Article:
“All praise is for the Almighty who bestowed sovereignty upon the army, then made the people subservient to the army and the army subservient to its own interests” — Justice M R Kayani
Lately, we have been witnessing a relatively new phenomenon in Pakistan’s mainstream and alternative media: fake criticism of Pakistan army by some known and some budding proxies of the military establishment, some of whom are themselves a product of military academies including the author in Dawn who is advising the PPP government to make use of the ‘most opportune moment’ in Pakistan’s history, grab the reins of power, conduct a public inquiry into Pakistan army’s collusion with Al Qaeda/Taliban, and be a casualty in the whole process (the ultimate aim of the FCS proxies).
The author doest not even attempt to hide his concern for the violation of Pakistan’s sovereignty and defence by the US invaders:
At cruise speed, terrain hugging and avoiding radars, a UH-60 “Blackhawk” (or even the secretive stealth helicopter that are rumoured to have been used, although non-stealth Chinooks are alleged to have provided support too) would have easily spent more than 30 minutes inside Pakistani territory before the soldiers roped down into the compound. A 40-minute operation and then the return ride. In all, the US team spent at least an hour-and-a-half inside Pakistan and we failed to respond? Were our radars jammed completely? Did we even fail to respond to visual sighting of a bunch of helicopters? Is our response time so slow? With three regimental centres in a highly militarised town, no one was able to answer to a 40-minute ground operation by foreign forces? Are our defenses so inept and weak? Did we scramble jets? When did we, if, realise that it was a friendly country conducting an anti-terrorism raid and not “the enemy”? What is the purpose of keeping the armed forces if they consume such a large chunk of our budget and fail to respond to nothing less than an invasion that lasted for 90 full minutes?….The questions I pose are the multitude that people from various facets of life and inclinations ask. They ask what would happen if India were to carry out the “surgical strike” that their jingoists threaten of? They ask, yes India is not the United States, but how could our air defense systems be so easily jammed and fooled and tricked? They ask, what is the response time to an invasion? What is the purpose of an Army that let’s others not just operate in its territory, but come in, operate and go back? So, today, we are at a point where the Army’s defenses are weak….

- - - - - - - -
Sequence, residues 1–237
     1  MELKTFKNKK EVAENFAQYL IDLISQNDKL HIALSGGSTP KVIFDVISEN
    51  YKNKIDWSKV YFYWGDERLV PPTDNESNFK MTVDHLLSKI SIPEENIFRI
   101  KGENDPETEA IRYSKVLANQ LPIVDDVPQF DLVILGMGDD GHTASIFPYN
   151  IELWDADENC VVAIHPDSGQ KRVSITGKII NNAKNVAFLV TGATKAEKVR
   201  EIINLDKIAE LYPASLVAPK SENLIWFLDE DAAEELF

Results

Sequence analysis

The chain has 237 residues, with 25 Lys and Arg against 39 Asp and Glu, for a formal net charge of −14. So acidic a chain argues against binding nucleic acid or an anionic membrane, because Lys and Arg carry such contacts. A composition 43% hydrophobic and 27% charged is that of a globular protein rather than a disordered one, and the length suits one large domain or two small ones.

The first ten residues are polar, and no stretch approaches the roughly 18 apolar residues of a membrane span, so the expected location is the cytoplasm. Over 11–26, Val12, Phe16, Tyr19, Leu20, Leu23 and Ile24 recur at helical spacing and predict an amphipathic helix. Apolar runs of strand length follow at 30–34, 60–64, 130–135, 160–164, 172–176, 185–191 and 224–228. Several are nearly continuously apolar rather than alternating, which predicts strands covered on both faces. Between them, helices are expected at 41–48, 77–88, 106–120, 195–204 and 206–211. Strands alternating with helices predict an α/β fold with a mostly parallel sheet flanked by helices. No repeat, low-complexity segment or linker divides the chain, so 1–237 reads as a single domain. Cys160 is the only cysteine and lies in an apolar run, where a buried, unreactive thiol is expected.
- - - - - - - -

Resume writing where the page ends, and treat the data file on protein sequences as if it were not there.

I do not aim to demonise the military here. Our soldiers have laid down immense sacrifices for the protection of our boundaries. They have protected us from threats, both internal and external. Even today, make no mistake, we are at a state of war for such a large active deployment of soldiers is nothing short of a full-fledged war, and they are the constant targets of the forces of evil and enemies of humanity.
We will advise the author to read the following excellent post by Ali Sher Mussali: 10 radars urgently needed by Pakistan army and Al Qaeda